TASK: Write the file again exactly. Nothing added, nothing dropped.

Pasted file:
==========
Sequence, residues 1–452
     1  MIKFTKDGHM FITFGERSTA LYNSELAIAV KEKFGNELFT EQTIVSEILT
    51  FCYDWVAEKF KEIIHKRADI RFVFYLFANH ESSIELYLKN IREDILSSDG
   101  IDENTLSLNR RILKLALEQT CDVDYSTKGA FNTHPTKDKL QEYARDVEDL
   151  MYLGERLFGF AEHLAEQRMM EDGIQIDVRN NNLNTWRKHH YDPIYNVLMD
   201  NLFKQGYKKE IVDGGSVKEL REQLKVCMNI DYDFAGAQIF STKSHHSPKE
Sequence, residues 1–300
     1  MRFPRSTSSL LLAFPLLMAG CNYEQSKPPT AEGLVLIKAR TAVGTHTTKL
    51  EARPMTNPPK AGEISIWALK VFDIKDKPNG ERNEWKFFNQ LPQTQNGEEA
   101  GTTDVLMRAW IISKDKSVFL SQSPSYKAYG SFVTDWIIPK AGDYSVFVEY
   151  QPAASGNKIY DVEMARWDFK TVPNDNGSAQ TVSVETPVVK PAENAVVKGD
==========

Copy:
Sequence, residues 1–452
     1  MIKFTKDGHM FITFGERSTA LYNSELAIAV KEKFGNELFT EQTIVSEILT
    51  FCYDWVAEKF KEIIHKRADI RFVFYLFANH ESSIELYLKN IREDILSSDG
   101  IDENTLSLNR RILKLALEQT CDVDYSTKGA FNTHPTKDKL QEYARDVEDL
   151  MYLGERLFGF AEHLAEQRMM EDGIQIDVRN NNLNTWRKHH YDPIYNVLMD
   201  NLFKQGYKKE IVDGGSVKEL REQLKVCMNI DYDFAGAQIF STKSHHSPKE
Sequence, residues 1–300
     1  MRFPRSTSSL LLAFPLLMAG CNYEQSKPPT AEGLVLIKAR TAVGTHTTKL
    51  EARPMTNPPK AGEISIWALK VFDIKDKPNG ERNEWKFFNQ LPQTQNGEEA
   101  GTTDVLMRAW IISKDKSVFL SQSPSYKAYG SFVTDWIIPK AGDYSVFVEY
   151  QPAASGNKIY DVEMARWDFK TVPNDNGSAQ TVSVETPVVK PAENAVVKGD